Not long after this in 1980 I worked for the first time on Chekhov.  This was at the London Academy of Music and Dramatic Art.  This was a revelation.  I discerned in this work on Three Sisters that even as the characters of his plays were caught in their own solipsistic worlds that there was a kind of humanist democracy about the structure of his sensibility.  The action was not unified through the consciousness of a central individual.  The action of the play could be entered through any of the subjectivities of the characters. This seemed to offer to me a new insight into what the nature of dramatic action was, an event which moved through the different characters and rooted their individual perceptions in a collective act. This embodied for me a deep sense of equality and gave me a rich sense of how Stanislavski’s ideas had a deep and profound truth.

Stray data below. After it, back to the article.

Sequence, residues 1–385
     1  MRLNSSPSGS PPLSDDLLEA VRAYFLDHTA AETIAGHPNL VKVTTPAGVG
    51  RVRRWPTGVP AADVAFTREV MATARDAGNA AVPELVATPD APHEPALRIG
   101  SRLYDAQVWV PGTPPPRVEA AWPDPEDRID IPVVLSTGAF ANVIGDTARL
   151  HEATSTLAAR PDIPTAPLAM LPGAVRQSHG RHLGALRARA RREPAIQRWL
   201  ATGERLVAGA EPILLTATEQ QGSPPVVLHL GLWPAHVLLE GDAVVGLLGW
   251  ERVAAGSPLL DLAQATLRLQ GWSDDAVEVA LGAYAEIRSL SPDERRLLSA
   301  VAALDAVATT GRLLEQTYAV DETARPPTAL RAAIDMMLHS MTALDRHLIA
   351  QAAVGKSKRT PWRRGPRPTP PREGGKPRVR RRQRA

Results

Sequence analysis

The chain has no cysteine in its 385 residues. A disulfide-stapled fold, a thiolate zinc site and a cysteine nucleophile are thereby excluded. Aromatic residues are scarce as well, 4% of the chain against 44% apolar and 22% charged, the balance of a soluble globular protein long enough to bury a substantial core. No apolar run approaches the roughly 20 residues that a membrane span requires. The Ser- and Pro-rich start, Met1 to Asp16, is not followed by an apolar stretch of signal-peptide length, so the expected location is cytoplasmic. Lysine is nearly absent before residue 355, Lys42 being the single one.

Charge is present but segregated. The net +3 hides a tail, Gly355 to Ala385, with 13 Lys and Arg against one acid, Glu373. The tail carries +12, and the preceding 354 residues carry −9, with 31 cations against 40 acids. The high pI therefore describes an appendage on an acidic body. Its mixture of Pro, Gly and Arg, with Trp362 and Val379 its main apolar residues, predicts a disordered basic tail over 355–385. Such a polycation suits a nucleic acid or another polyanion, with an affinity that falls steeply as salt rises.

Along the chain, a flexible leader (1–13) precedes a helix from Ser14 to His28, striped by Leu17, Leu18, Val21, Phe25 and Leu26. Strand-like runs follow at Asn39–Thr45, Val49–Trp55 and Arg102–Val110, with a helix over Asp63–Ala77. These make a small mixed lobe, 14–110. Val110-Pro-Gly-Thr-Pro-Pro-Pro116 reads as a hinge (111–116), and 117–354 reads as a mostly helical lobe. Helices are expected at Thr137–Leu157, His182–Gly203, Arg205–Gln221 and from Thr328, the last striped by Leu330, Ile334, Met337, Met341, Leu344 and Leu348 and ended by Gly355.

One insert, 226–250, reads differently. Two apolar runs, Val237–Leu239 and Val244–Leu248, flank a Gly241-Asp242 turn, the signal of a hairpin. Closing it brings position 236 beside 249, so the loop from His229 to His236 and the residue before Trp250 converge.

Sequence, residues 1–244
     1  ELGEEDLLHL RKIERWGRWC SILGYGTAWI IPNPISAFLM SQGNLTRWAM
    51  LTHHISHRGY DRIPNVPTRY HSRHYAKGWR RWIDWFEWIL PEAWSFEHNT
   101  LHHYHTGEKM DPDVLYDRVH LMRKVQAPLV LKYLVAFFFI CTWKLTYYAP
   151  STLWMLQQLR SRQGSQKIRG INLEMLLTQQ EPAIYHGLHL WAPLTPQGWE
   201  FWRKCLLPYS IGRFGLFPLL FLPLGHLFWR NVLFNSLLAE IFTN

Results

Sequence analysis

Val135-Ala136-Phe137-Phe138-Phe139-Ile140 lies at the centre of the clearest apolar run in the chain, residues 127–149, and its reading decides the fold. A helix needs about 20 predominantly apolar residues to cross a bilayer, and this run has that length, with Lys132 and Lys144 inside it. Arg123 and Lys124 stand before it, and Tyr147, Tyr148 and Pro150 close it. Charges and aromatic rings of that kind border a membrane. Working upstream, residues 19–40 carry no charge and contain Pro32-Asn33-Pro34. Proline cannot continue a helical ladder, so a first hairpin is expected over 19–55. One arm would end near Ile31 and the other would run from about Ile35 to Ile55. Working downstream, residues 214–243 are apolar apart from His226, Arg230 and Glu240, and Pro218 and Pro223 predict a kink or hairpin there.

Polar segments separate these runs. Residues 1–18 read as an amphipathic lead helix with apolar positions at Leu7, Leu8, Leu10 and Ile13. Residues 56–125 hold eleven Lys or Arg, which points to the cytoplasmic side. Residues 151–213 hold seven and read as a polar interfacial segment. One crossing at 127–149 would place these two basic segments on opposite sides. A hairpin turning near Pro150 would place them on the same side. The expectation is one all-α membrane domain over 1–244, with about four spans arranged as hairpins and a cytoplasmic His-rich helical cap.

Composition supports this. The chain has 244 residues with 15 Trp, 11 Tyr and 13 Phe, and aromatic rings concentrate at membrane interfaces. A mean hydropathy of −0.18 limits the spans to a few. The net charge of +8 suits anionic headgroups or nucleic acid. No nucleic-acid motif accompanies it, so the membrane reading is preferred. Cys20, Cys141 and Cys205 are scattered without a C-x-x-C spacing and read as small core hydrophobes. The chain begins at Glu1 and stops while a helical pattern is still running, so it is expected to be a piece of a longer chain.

This encounter with Chekhov started a deep ongoing search into the art of acting which I have pursued in my work in academies and training institutions right up to the most recent work at the London Film School.   Before this I had worked at RADA and had learnt a series of provisional lessons about how an actor’s work could be made more effective.  The first play I worked on at Royal Court as an assistant had, amongst others, Ralph Richardson and Nigel Hawthorn in it.  Richardson had an extraordinary animal grace and sensuality.  He would nose out the stage space with the visceral wisdom of an ageing cat.  Hawthorn had an enormously bright vitality, extremely quick moving though from a postural point of view very restrained and still.  I had learnt that an actor’s work consisted in a flow of contradictory dramatic movements.  The moments of change were the key moments.  The work seemed to me to consist in encouraging the actor to undertake changes of direction and flow which were radical and oppositional, so that one movement was followed by another in a contrary direction.  The aspiration to produce more and more, possibly inconsistent, gestures seemed to me to derive from Brecht’s ideas, an aesthetic of dialectic and clashes.